Confident, assured, but there is absolutely zero trace of Diva about Henderson… there are enough nicknames already knocking around to keep him looking over his shoulders.
Source: Presseye/Darren Kidd/INPHO
“I haven’t actually noticed that one,” he says of Whiff of Cordite’s decision to refer to him only as ‘The New Willie John McBride’. “I’ve noticed people tagging me baby-faced assassin in a couple of tweets and down here they call me Llama.”
Three nicknames, a wide spectrum between praise and derision.
Henderson is finding himself having to juggle patience with a sense that he should be playing more on the international stage. He may be a relaxed individual, but his talents make it extremely difficult to settle for a place on the sideline.
“I try and not let myself get frustrated. I try to stay relaxed and keep a wee bit more calm about the place, make sure if I do get on I play well and then it’s only a matter of time before I get selected – the coaches at Ulster and Ireland are good enough coaches to see that.”
His mother a rower and his father an accomplished player at league level, the genes were always on Henderson’s side, though he had to fight for a place at the dinner table with his two older brothers.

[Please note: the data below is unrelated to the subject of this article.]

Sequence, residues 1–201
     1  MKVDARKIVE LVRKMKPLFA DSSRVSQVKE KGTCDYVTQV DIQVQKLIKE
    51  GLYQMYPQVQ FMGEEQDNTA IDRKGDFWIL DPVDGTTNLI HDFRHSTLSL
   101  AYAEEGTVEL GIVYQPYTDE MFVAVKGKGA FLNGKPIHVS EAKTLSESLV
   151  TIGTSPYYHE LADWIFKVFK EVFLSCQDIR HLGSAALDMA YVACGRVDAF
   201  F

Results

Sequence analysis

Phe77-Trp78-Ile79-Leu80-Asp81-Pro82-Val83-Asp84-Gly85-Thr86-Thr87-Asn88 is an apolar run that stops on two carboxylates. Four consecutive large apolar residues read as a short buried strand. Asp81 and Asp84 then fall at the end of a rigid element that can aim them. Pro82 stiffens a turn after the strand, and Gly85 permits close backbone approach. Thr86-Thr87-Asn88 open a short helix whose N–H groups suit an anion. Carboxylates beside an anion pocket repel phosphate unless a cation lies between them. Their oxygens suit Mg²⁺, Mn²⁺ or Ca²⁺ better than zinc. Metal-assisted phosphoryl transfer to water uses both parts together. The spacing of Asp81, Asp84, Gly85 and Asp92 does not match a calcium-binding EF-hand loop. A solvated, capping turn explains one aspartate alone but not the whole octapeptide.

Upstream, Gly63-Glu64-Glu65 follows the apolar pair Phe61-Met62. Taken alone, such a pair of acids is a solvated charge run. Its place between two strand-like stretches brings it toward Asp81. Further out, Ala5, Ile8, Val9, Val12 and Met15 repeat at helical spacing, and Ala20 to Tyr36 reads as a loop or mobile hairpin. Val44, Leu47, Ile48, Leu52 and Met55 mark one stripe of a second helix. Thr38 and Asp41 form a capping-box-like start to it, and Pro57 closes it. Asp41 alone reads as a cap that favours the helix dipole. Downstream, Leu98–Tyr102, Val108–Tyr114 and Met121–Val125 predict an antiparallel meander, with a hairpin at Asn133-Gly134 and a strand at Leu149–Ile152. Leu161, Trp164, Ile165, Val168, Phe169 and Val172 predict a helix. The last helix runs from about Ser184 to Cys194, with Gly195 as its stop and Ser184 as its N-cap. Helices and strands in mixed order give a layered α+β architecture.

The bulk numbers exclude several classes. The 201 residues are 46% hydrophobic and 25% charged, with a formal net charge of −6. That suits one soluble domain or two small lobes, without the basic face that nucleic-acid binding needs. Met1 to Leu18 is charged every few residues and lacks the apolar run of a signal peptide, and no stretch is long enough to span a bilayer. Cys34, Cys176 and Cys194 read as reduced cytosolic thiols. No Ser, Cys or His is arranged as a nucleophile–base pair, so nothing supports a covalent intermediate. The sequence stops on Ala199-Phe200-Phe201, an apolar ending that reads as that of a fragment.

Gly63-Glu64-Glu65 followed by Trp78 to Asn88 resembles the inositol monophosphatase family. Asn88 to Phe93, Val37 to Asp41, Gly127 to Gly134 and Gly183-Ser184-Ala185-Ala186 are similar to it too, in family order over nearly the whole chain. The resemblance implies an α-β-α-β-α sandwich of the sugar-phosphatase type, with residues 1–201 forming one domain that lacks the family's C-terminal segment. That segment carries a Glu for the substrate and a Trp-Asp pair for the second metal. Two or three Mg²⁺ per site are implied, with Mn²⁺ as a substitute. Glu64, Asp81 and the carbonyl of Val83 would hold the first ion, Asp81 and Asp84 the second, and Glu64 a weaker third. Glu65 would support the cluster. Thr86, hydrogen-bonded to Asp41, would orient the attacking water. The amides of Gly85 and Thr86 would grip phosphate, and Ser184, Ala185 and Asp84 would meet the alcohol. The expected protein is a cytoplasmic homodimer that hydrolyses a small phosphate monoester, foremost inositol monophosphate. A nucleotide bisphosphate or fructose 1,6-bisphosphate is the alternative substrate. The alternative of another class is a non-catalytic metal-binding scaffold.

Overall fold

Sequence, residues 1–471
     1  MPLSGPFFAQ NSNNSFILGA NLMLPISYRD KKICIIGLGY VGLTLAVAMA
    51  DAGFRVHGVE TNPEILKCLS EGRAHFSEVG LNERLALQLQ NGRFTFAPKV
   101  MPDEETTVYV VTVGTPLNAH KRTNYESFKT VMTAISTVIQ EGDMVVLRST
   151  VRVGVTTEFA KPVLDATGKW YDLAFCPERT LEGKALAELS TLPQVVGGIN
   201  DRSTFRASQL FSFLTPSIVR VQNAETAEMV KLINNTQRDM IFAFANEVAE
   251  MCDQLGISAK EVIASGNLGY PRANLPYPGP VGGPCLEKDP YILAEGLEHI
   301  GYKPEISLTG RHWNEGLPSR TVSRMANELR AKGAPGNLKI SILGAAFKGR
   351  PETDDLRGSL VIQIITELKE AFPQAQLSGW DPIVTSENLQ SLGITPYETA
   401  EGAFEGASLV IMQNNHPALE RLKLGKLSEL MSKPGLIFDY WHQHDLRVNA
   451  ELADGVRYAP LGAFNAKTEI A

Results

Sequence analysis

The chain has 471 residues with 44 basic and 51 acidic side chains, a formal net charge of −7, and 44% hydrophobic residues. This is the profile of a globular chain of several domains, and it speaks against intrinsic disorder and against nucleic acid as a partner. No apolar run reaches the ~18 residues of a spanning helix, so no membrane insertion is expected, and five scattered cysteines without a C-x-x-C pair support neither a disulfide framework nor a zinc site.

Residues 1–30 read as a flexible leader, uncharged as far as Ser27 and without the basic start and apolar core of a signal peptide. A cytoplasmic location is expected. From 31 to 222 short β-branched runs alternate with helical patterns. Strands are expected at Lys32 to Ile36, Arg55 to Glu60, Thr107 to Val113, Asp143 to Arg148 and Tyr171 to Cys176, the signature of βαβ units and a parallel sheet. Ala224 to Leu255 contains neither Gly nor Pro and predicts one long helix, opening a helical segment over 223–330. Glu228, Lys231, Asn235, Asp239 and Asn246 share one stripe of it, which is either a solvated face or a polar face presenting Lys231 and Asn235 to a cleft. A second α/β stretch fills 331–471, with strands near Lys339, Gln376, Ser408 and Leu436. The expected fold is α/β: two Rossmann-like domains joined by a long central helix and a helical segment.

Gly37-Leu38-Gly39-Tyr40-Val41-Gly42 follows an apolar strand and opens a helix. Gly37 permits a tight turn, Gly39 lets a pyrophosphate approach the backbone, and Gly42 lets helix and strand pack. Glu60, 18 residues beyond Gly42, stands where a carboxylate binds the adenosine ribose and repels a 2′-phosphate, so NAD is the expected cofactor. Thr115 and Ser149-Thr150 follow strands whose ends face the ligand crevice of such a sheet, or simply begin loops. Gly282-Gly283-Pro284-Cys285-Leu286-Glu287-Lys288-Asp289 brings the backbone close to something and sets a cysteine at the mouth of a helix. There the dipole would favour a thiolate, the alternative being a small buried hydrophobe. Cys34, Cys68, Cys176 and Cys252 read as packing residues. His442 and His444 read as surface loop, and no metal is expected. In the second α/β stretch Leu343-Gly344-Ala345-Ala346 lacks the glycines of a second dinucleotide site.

Henderson didn’t make it into the first XV of the Royal Belfast Academy school team until his final year. Once there though, he began pulling up trees. Along with his lifelong friend Stuart Olding, he helped Academy into the Schools final in 2010 and from there,”things snowballed.” The final, though lost, paved the way for his introduction to the Ulster age grades and then, in 2012, his senior Ireland debut.
While O’Mahony has arguably been Ireland’s player of the Championship thus far, the addition of Henderson has the potential to add a whole new dynamic to Schmidt’s side.
The already-powerful line-out and maul will have some added weight behind it and the 22-year-old will also offer a powerful option as a ball-carrier.
Henderson ought to take it as a compliment that Jacques Brunel apparently guessed Schmidt’s team selection and opted to mirror the call at blindside where the Frenchman placed second row Josh Furno as a counterbalance to the imposing ‘Llama’.
A second row playing blindside is not a description that will be deemed a compliment by Henderson, however, so watch out for the new addition to Schmidt’s side attempting to break the mould today.
Ireland: R Kearney, A Trimble, B O’Driscoll, G D’Arcy, D Kearney; J Sexton, C Murray: C Healy, R Best, M Ross; D Toner, P O’Connell (Capt.), I Henderson, C Henry, J Heaslip.
Replacements: S Cronin, J McGrath, M Moore, R Ruddock, J Murphy, E Reddan, P Jackson, F McFadden.
Italy: L McLean; A Esposito, M Campagnaro, G Garcia, L Sarto; L Orquera, T Tebaldi; A de Marchi, L Ghiraldini, M Castrogiovanni; Q Geldenhuys, M Bortalami (capt.); J Furno, P Derbyshire, R Barbieri.
Replacements: D Giazzon, M Rizzo, L Cittadini, A Pavanello, M Vosawai, E Gori, T Allan, A Masi.
Referee: N Owens.